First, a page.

No, Paul uses the phrase the kingdom of God in an eschatalogical sense, to refer to the millennial reign of Christ. Thus, at stake is whether believers who persist in unrighteousness will inherit the millennial reign of Christ. Ray Baughman, makes this point emphatically in his book, The Kingdom of God Visualized (Moody, 1972, p.140). Commenting on the Galatians passage, he says, “This does not refer to eternal life but to any place of responsibility in Christ’s kingdom. He is speaking of a habitual way of life rather than individual acts of sin.”

Thus, Paul’s clear warning is that believers who persist in certain sins will not inherit the millennial kingdom. (Incidentally, the list of sins is not exhaustive, for Paul adds the disclaimer, and such like, leaving the list open).

The key word here is inherit. Thayer gives three definitions for this word that are especially helpful.

  1. to receive a lot, receive by lot
  2. to receive the portion assigned to one, receive an allotted portion, receive as one’s own or as a possession
  3. to become partaker of, to obtain

For Paul to teach that persistently sinning Christians will not inherit the millennial kingdom is not the same as saying they will not be in the millennial world. To illustrate this point, think of what Jesus said in the Beatitudes, Blessed are the meek: for they shall inherit the earth (Matt. 5:5). We are all physically present on earth, yet only the meek inherit the earth. That is, they receive it as their allotted portion, given to them by God as an inheritance. Others do not share in that blessing.

Presumably, the same is true with respect to the millennium. All believers will be physically present in that world but apparently not all will become partakers of (or participants in) Christ’s millennial kingdom. They will not inherit it. No doubt, that will result in missed opportunities, shamefulness, and much sorrow. Theologians differ as to the details, but what is clear from the Scriptures is that the millennium will not be experienced in the same way by all believers.

Perhaps that is one of the reasons why, at the conclusion of the millennium (Rev. 21:4), God will wipe away all tears from the eyes of His saints prior to their entrance into heaven. Why will there be tears during the millennium, a great time of joy on earth? Understandably, many Christians will be agonizing and weeping over the fact that they persisted in sins throughout their pre-millennial earthly existence. They did not appropriate the provision of Christ for living a victorious life.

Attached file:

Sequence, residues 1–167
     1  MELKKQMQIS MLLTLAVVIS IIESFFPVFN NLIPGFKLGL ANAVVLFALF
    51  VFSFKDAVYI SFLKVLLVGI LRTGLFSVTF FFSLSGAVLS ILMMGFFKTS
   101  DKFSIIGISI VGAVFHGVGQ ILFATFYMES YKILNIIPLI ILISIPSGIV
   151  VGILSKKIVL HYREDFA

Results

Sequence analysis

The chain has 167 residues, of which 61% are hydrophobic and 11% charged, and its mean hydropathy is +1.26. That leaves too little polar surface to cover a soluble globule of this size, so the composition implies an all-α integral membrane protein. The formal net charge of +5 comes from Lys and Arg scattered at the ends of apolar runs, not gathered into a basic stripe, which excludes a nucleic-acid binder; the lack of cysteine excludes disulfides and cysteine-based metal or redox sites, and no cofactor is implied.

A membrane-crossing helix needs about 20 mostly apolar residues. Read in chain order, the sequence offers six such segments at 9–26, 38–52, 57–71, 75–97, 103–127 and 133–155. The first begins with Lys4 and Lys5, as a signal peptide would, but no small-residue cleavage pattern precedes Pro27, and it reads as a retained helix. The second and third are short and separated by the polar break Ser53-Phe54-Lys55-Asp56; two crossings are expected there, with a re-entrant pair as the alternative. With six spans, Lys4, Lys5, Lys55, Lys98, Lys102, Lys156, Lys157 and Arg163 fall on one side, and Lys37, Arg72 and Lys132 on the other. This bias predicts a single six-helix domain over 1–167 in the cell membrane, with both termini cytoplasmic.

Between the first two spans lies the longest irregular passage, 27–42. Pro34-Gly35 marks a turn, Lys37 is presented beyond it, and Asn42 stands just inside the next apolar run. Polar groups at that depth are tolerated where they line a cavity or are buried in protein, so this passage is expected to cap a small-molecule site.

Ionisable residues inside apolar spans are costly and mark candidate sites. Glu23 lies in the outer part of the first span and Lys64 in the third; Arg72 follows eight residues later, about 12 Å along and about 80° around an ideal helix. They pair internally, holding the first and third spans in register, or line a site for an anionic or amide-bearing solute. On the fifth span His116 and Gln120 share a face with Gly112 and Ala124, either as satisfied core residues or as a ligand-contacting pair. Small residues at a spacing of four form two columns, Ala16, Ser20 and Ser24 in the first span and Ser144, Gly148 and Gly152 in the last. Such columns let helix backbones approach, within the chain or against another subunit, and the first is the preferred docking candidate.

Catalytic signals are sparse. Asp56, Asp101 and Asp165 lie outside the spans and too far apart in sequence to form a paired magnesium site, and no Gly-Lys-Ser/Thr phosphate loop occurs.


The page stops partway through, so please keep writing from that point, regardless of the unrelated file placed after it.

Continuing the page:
The writer to the Hebrews, like Paul, also seems to warn his audience of the dire consequences of persisting in sin, reminding that our God is a consuming fire (Heb. 12:29). He also uses a haunting illustration to convince his audience. In Hebrews 3 he tells of the Exodus generation — who, although they were saved people, having been redeemed at the first Passover! — chose to test God repeatedly in the wilderness due to their wicked heart of unbelief.

As a result, God sware (declared an oath) that He would not let them enter into the promised land, the land of God’s rest. The promised land is not a type of heaven. It is a type of entering the realm of spiritual victory and, ultimately, the millennial rest of Christ. Nevertheless, a whole generation of wayward believers were not allowed entrance into promised rest, including Moses and Aaron! The passage ends with a strong admonition and reminder:

Exhort one another daily, while it is called To day; lest any of you be hardened through the deceitfulness of sin. For we are made partakers of Christ, if we hold the beginning of our confidence stedfast unto the end. (Heb. 3:13)

In the context, being made a partaker of Christ is being a participant in His millennial kingdom. Oh, may we seek the Spirit’s enablement for getting victory over sin!

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One comment

  • I used to think that the millennial kingdom was just “in there”. No, real understandable reason for it but that God wanted there to be a millennial kingdom. It is becoming to make sense.